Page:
Mr. Clive Soley (Hammersmith): I am grateful for that comment, because one of the things that had so far being missing from the Home Secretary’s speech was greater emphasis on crime prevention. The burglary rate in White City, which is in my area, dropped by 66 per cent. in two years–thanks to no Government funding but to money from the BBC, which was used in conjunction with the police and the local authority. We also got it down in two high-rise blocks in Shepherds Bush, despite getting only a small amount of Government money, using a concierge system, which the Government then refused to extend to the rest of the estate.

Mr. Howard: I am not sure where the hon. Gentleman thinks the BBC gets its money. The truth is that there is scope for local initiatives and partnerships of that kind. Not all successes in the fight against crime are assisted by Government money–although it is clear that Opposition Members have yet to learn that lesson. Partners Against Crime is also planning training programmes that are aimed at directing persistent offenders away from crime.

The royal borough of Kensington and Chelsea also has a partnership board, and it has just received £1.6 million in funding from the single regeneration budget. Some of the money has already been earmarked for a closed circuit television system in Earl’s Court. There is also a safer cities project in the borough, setting up domestic violence units and dealing with drug-related issues on the Worlds End estate. A CCTV system is again planned, this time for the north of the borough.

Wandsworth has the highest number of neighbourhood watch schemes in London, and their work in partnership with the police is rightly imitated all over the capital. The junior citizen scheme–like the one in Westminster, which was visited recently by my right hon. Friend the Minister of State–aims to teach our children the difference between good and bad citizenship. Wandsworth has a neighbourhood special constable scheme, with recruitment part funded by the council. The number of specials on Wandsworth division has increased by50 per cent. to 33.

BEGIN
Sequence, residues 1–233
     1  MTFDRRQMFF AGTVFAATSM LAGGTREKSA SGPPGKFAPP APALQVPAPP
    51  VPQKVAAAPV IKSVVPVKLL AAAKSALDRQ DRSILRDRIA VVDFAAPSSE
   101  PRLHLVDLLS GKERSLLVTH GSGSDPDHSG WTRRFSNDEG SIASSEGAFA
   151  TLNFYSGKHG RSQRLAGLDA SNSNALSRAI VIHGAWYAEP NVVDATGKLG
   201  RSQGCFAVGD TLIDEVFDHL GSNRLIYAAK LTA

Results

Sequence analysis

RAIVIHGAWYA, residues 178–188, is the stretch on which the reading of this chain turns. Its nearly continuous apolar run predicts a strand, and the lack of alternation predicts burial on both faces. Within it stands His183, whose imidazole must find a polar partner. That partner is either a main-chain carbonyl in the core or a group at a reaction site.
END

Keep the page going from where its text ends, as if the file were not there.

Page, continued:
Later this month, my right hon. Friend the Minister of State hopes to meet Mr. David Streven, a member of Wandsworth council staff, who is about to go out on the beat as the first neighbourhood special constable in London. The borough is also funding the introduction of CCTV in two shopping areas.

Mrs. Roche: I am delighted that Westminster is following the excellent example of my borough of Haringey in introducing a junior citizen scheme. Does the Home Secretary agree that London fared very badly from the introduction of CCTV? According to an analysis that I conducted by means of responses to parliamentary questions, it is most worrying that the lion’s share of the money went to the constituencies of Conservative Members of Parliament. Can the Home Secretary assure us that London will not be discriminated against in the latest challenge? Will he also consider very seriously the excellent bid by my area, particularly Wood Green high road?